With the winter weather fading away soon (though I think we’re supposed to have one more bout of polar vortex coming through the DC area) methinks it’s time to wake up and start trying to write once again. The boys and I have been busy, which is why there’s been some radio silence here on the FTFP airwaves.
As you may know from an earlier post, we had a foster pup in our care for a few weeks after the new year. Dash has since been adopted, and is doing quite well with his new family so far. Out in one of the further out DC suburbs, Dash (who got to keep his namesake with his new adopters) is now the youngest of four boys. His three human brothers adore him, and he is sharing affection in abundance with them and his new mom. Here he is on adoption day, and snoozing soundly in his new abode.
We miss his snuggles and smooches, but Ollie and Balton were ready to bid a fond farewell to their energetic foster brother and get back to their regularly scheduled programming.
The holiday season came and went like a flash, and involved a trip out to Ohio over Thanksgiving and a trip out to New Jersey out over Christmas. This was also actually the first Christmas Balton spent with us, because last year he spent it with an LDAR boarding partner. Based on the drips and drabs we know of Balton’s life before life as a Lucky Dog, I would venture to guess it was also his first Christmas. In both instances, we applied our learned skills for helping him be more comfortable at his grandparents’ house, and a lot of careful management. He wasn’t off leash if there were people in the home other than Nick and me, and we kept him basket muzzled. We rarely had him out and about for more than 10-20 minutes at a time, depending on what he could handle, and he had a safe zone away from all the action at both grandparents’ houses. Overall, he was a rock star. Here he is resting on his mat (and on a tiedown) by the fire over Thanksgiving.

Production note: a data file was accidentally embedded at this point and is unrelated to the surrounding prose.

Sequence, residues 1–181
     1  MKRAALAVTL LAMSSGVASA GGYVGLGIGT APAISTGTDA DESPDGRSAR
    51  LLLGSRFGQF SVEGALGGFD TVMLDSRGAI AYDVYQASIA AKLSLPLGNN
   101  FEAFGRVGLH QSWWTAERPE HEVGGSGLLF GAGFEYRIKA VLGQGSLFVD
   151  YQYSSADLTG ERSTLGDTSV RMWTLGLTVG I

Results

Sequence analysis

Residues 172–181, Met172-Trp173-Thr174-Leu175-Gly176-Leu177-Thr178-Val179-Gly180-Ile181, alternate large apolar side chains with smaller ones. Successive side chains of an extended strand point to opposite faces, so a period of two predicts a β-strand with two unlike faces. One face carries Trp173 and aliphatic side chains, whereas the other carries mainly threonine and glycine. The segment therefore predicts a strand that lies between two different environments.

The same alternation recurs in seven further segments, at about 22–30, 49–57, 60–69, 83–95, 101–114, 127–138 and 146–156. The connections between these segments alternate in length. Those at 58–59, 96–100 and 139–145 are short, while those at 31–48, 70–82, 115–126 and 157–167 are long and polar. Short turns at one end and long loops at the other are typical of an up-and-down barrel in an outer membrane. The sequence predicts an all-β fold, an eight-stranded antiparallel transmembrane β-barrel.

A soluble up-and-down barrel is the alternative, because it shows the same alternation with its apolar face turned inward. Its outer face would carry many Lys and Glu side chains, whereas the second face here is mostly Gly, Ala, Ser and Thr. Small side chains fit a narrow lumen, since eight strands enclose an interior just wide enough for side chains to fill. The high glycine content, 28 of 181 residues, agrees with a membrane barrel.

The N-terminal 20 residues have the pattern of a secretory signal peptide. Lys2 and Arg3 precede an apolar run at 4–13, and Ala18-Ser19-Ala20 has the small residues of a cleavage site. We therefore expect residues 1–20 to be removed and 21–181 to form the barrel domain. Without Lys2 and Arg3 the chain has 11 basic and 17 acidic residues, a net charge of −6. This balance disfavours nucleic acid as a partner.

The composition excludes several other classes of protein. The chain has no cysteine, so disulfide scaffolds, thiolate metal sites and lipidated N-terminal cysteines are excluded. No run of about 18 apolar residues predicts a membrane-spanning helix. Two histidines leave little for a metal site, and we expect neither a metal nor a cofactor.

Despite his best efforts this year, Balton managed to earn a spot on the nice list (Santa seems to have a soft spot for fearful dogs, even the misbehaven ones). He brought him one new soccer ball for outside, and one for inside. The indoor one has been great for accompanying the polar vortexes, freezing rains, and recent snowstorms (speaking of snowstorms, Balton got featured on the Muzzle Up Project Blog last week for his arctic puppy playtime when DC got its big snow of the season two weeks ago – safe management for the win!).
After the new year, the boys and I have been busy with our educational pursuits. Mine at community college are much less interactive than the ones at All About Dogs, and provide no snacks. Sometimes seeing Balton’s progress as a Rowdy Rover is sometimes equivalent to watching paint dry, but when I look back on this last year and see how far he’s come (and how far his trainers have noted he’s come) it makes me really proud and brings me more joy than I can say. We can see a clear and consistent improvement in his confidence in class, and although we still have a ways to go in keeping good Rowdy Rover behavior out in the real world, we’re seeing changes for the better there too.
Ollie is now going through the All About Dogs Levels Program, which allows dogs to progress through different skill classes at their own pace. We’ve been in the program for a month and will continue through to the end of June, then see if he needs to re-enroll when we get there. If I’m being honest, I sort of expected Ollie to breeze through his basic skills class (attention, sit, down, and sit-by-side, or heel are the ones to know in order to advance). But my dogs are always full of surprises and unexpected challenges. The trainers had seen Ollie had the skills needed to move up a few weeks ago, but he was definitely a bit stressed out at school and I was told he work on his confidence in order to move up. I found myself having to find some solutions to working through Ollie’s car anxiety and classroom nervousness (while silently having a “oh no, not you, too!” moment about the prospect of having a second worrier on my hands).
Fortunately, Ollie’s nervousness was much more isolated and far less severe, so with a little creativity, a little extra positive reinforcement, and complementary management methods like keeping a bed in the car and wearing a Thundershirt, we’re doing much better and having a much better time. If nothing else, troubleshooting for Balton definitely has made “calming your nervous dog” one of my new ingrained skill sets, and Ollie responds so well to just a little extra support and motivation.
This weekend, Ollie showed he had the chops to move up from Level 1 to Level 2, so while I’ve been hibernating, he’s well on his way to earning his doggie PhD. Or so he says…talk about a confidence boost.